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Number 1 Shimbun

A step ahead of the state

05

Off grid
Screengrabs from major news channels as Kim Jong Un met Moon Jae-in in Panmunjon.
North Korean TV didn’t report on the event until later.


The North Korean government is fighting hard to protect citizens from imported content, but the battle is far from over

By Martyn Williams

Over the last few decades, the amount of foreign content flowing into North Korea has grown immensely. What began as a trickle of VHS cassettes from Japan in the 1990s has now become a wave of South Korean TV dramas, Hollywood movies, Chinese blockbusters, and more illicit content on USB sticks and MicroSD memory cards.

While much has been written about the smuggling operations, less time has been spent looking at the reaction of the North Korean state. Working with the Washington, D.C.-based Committee for Human Rights in North Korea, I studied how the government and party is responding. I spoke to experts and interviewed 40 escapees in Seoul, and the results of this work were published in late December as “Digital Trenches: North Korea’s Information Counter-Offensive.” A copy can be downloaded from www.hrnk.org.

Among the main findings are changes in North Korea’s laws, a constant but little-seen propaganda battle against foreign information and a particularly effective re-engineering of Android smartphones to prevent them from being used to consume illicit content.


A Changing Legal Battle

North Korea’s Criminal Code bans the possession, consumption and distribution of foreign content. But updates to several articles in the 2009, 2012, and 2015 editions of the code indicate the state is slowly losing its battle on the law enforcement front. In the last decade, the emphasis of the law has shifted away from consumers to focus on smugglers and distributors or those with destabilizing content. In the North Korean context, this means anything that attacks the regime or party, anything political, and all pornography.

The harshest penalties of up to 10 years in a mobile labor brigade are now reserved for supplying or dealing the content. This is effectively an admission that consumption of foreign content has become so commonplace that individuals higher up the distribution chain need to be targeted.

That doesn’t mean North Koreans can watch foreign content with impunity. No matter what the law says, this is still North Korea. Should a crackdown be ordered, the unlucky can find themselves facing a public trial and execution, no matter the letter of the law. Death penalties are also used in cases involving large-scale distribution or destabilizing content.

Citizens are also targeted in random street checks and house raids, but escapees told me it’s increasingly possible to escape trouble with a bribe. Bribery has exploded in the last few years, especially among local police and security forces (rather than provincial or national level forces).

As the state economy has weakened, the slow disintegration of the public distribution system has security agents feeling the pinch. At the same time, the rise of markets has brought private wealth to some ordinary Koreans, so it’s no surprise that bribery has flourished.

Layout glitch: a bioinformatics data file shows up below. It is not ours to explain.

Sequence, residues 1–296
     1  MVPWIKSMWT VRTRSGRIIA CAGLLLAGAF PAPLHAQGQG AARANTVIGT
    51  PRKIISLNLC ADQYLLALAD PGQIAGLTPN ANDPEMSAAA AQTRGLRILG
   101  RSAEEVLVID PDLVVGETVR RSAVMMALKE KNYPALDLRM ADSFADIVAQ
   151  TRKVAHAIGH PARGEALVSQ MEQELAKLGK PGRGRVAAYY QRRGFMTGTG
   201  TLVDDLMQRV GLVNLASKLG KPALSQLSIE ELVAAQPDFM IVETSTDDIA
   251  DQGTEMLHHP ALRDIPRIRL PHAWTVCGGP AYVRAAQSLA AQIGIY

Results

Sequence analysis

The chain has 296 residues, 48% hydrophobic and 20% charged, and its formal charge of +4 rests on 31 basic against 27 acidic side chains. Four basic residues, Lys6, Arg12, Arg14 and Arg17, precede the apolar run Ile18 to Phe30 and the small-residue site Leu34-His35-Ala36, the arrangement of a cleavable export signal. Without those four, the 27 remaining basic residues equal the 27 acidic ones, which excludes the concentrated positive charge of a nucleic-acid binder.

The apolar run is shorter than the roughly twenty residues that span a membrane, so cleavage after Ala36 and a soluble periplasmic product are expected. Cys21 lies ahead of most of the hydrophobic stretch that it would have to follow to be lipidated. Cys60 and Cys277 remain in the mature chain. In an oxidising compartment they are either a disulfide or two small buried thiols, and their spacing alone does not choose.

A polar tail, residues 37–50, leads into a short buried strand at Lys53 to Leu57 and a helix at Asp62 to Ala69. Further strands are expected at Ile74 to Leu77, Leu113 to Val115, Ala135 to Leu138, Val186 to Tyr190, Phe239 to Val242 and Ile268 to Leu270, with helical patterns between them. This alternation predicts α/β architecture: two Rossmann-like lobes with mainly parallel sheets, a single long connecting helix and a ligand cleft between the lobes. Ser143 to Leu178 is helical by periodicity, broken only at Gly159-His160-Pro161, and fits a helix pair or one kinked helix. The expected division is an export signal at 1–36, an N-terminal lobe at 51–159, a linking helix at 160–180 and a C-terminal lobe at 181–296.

During the interviews that I conducted, I heard about bribes that ranged from a few dollars to over a thousand. This is a massive amount of money for someone earning the state salary of 50 cents per month, but is not necessarily out of the question if you have a successful private business.

Almost all of the illicit content that enters North Korea crosses the northern border from China. Shortly after Kim Jong Un came to power, border security was reinforced, and there’s now a new camera network that covers most of the border. It is both for conventional surveillance and to catch corrupt border guards taking bribes from smugglers. Guards are more regularly rotated now to prevent them from making local contacts—more recognition that the battle against smuggling is being lost.


Keeping Their Minds Pure

At the heart of North Korea’s brain-washing system lies the Propaganda and Agitation Department (PAD) of the Workers’ Party of Korea, which liaises with the Organization and Guidance Department to ensure that all North Koreans are exposed to a consistent message that supports and reinforces party priorities. PAD oversees all cultural output in North Korea and is directly responsible for approving all the material in newspapers, radio and TV, posters on the street, song lyrics, theatrical productions, workplace meetings, and the education system. Anything that diverges from the message undermines the entire propaganda base, so it’s easy to see why foreign content represents such a threat to the regime. 

Messages warning against accessing foreign content are never seen in media that reaches the outside world, such as Korean Central Television or the Rodong Sinmun newspaper. To do so would be to admit there is a problem. Instead, warnings are delivered in more private forums, such as the weekly meetings which all North Koreans must attend. These Saturday morning events usually contain a lecture about an issue of interest to the party. Sometimes an officer from the Ministry of Public Security will lecture on the ills of foreign content and why it shouldn’t be consumed, though escapees I talked to say the lectures were ineffective and boring.